Maine’s ranked-choice voting law had its day in court Thursday.
The Maine Supreme Judicial Court heard oral arguments that could determine the fate of the citizen initiative passed by voters in November. The court’s views on the constitutionality of the law will likely influence legislators to either keep the first-in-the-nation system, ditch it altogether or try to amend the constitution.
The state Supreme Court has been asked to weigh several questions about ranked-choice voting, including its constitutionality. But first and foremost, the court has to decide whether it should opine at all.
During oral arguments held in Augusta Thursday, Jamie Kilbreth, the attorney for the Committee on Ranked Choice Voting, said voters have settled the issue. Ranked-choice voting is the law.
“This is a tail wagging the dog kind of problem,” he said.
“It’s a fairly large tail, however,” said Chief Justice Leigh Saufley.
Large enough that the court’s actions could shape future decisions by the Legislature. If the court declares what’s known as a solemn occasion, it will inevitably have to advise on the constitutionality of a law approved by voters.
Kilbreth argued that opponents are using the court for political cover to kill voter-approved ranked choice.
But Assistant Attorney General Phyllis Gardiner said the court’s guidance is needed. The 2018 election looms, and she said if the constitutionality of ranked-choice voting isn’t resolved now, it could lead to chaos next year.
Judge Joseph Jabar seemed to agree.
“If we don’t take any action now there’s definitely going to be a challenge after the next election. So if we don’t do anything, voters are not going to know how to vote because they don’t know if it’s going to be a plurality system or a ranked-choice voting system,” he said.
Opponents of the law have raised two primary constitutional issues. Among them is whether a ranked-choice system designed to produce a majority winner satisfies the constitutional requirement that winners are elected by a plurality, or the most votes.
Attorney Joshua Dunlap said it doesn’t. Dunlap represents the Maine Heritage Policy Center and the House Republican caucus, two opponents of ranked choice. But when Dunlap attempted to argue his point, Saufley jumped in.
She asked whether it wasn’t a question of simple math — if one achieves a majority, don’t they also achieve a plurality?
Dunlap conceded — sort of.
“A majority is a plurality your honor, yes,” he said.
But Dunlap went on to say that’s only because of the way ballots are counted in ranked choice.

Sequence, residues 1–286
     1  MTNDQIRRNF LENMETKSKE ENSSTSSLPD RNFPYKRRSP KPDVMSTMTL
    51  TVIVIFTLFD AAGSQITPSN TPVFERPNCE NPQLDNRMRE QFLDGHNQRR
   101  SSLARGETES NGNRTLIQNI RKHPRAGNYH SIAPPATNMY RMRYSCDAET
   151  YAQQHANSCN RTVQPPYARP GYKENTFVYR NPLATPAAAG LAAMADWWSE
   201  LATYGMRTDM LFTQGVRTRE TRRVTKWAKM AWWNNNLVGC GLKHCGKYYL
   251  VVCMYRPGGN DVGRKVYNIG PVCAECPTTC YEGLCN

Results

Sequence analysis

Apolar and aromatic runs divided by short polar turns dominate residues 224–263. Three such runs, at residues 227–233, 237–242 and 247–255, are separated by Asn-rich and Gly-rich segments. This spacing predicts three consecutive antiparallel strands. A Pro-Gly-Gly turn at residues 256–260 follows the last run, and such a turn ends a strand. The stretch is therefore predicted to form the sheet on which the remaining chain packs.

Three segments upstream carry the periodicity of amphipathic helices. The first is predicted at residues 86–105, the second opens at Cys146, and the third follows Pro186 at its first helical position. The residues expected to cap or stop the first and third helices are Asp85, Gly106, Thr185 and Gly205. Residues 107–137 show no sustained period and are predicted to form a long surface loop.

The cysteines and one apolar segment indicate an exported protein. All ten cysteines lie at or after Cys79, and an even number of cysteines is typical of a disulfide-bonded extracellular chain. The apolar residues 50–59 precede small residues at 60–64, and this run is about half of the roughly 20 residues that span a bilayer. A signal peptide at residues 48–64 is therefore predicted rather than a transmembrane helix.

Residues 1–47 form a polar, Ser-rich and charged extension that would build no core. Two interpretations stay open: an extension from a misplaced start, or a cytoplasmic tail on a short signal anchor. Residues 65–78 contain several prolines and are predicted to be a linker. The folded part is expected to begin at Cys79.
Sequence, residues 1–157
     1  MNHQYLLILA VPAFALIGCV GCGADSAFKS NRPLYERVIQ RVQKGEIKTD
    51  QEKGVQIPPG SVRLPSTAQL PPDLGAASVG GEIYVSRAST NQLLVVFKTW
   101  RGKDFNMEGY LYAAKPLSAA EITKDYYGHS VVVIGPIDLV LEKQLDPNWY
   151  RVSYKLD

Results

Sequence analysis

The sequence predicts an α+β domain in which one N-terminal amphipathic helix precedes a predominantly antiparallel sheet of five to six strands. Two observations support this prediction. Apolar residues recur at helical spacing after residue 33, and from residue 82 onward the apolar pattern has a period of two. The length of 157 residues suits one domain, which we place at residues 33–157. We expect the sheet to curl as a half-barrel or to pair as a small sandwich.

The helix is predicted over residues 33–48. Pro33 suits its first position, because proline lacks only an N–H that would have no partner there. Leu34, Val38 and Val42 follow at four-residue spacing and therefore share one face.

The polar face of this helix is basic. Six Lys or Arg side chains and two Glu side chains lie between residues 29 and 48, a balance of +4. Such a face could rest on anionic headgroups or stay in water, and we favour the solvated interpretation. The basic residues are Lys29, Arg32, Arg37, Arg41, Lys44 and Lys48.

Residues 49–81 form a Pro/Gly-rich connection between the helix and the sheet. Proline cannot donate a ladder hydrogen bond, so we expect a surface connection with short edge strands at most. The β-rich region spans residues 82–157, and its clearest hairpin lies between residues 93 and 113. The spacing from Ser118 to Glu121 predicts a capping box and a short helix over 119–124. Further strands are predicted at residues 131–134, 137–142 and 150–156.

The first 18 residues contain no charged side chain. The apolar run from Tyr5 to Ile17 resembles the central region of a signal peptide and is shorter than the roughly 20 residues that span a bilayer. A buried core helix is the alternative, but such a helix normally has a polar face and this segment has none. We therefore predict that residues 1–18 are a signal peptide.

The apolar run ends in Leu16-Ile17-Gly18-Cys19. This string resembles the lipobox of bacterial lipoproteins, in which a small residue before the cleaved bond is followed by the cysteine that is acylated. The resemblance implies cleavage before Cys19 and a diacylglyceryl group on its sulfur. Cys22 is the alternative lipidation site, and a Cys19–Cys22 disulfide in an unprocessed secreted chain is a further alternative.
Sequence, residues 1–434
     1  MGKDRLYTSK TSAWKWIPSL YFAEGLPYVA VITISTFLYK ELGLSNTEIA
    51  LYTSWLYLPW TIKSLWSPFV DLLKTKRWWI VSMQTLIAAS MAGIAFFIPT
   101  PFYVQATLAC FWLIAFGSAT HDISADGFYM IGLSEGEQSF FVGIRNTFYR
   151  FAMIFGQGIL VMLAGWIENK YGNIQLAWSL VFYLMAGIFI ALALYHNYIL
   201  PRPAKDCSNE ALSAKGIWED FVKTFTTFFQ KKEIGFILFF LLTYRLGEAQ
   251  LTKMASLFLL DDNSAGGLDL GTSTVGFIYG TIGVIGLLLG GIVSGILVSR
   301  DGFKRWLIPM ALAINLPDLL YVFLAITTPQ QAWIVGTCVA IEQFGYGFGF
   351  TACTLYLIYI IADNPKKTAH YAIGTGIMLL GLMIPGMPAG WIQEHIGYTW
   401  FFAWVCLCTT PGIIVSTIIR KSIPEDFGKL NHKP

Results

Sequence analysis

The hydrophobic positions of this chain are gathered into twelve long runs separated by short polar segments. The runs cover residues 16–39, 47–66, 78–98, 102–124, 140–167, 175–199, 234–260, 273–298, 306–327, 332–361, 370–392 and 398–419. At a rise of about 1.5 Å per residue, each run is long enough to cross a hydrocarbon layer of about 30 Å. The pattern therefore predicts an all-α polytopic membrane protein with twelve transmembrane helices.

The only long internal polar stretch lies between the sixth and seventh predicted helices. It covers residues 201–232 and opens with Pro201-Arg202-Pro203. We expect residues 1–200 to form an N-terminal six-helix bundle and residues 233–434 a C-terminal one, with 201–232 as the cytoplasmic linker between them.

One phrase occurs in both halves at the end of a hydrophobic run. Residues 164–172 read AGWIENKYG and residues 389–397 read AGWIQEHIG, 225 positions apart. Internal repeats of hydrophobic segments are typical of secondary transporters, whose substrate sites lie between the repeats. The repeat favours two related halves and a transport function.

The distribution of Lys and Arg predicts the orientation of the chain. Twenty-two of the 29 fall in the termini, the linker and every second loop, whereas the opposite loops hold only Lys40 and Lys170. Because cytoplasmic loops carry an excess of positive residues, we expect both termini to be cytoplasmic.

Ranked-choice voting works by allowing voters to rank their candidates by order of preference. If nobody obtains more than 50 percent — a majority — after the first round of counting, the candidate with the fewest votes is eliminated.
Voters who chose the eliminated candidate have their ballots added to the totals of their second-ranked candidate, and the ballots are retabulated. The count continues until one candidate achieves a majority.
Dunlap, the Office of Attorney General and conservative groups say that method blocks the first candidate, who achieves a plurality from winning. And that’s not constitutional.
If ranked choice stands, it would apply to legislative, gubernatorial and congressional elections.
That means the Supreme Court opinion, if it gives one, could also affect the field of candidates for next year’s governor’s race and a U.S. Senate contest.
“Hard to say how that plays out in people’s calculus, but I think people are going to be watching these proceedings very carefully,” said Secretary of State Matt Dunlap.
Dunlap said the system, in which voters rank their favorite candidates from first to last, is designed to give independent candidates and moderates a better chance of winning. With a few exceptions, he said moderates and independents have not fared well in recent elections.
That includes two-time candidate for governor Eliot Cutler, who narrowly lost to Gov. Paul LePage in 2010. He later said he would have won if Maine had ranked choice. He came in third four years later, blaming his second loss on fear of the spoiler effect, an issue that ranked choice claims to resolve.
Cutler has said he won’t run a third time. But that was before voters chose ranked choice in November.
The system could also influence LePage’s potential challenge to independent U.S. Sen. Angus King.
University of Maine political science professor Mark Brewer said LePage would be a formidable candidate, especially if ranked choice is overturned.
“A ranked-choice voting system makes his road to victory more difficult, and I think it might change his calculus, for sure,” Brewer said.
But for now, all those calculations hinge on what the Supreme Court may or may not say about ranked-choice voting. The court has not given a timetable for a decision.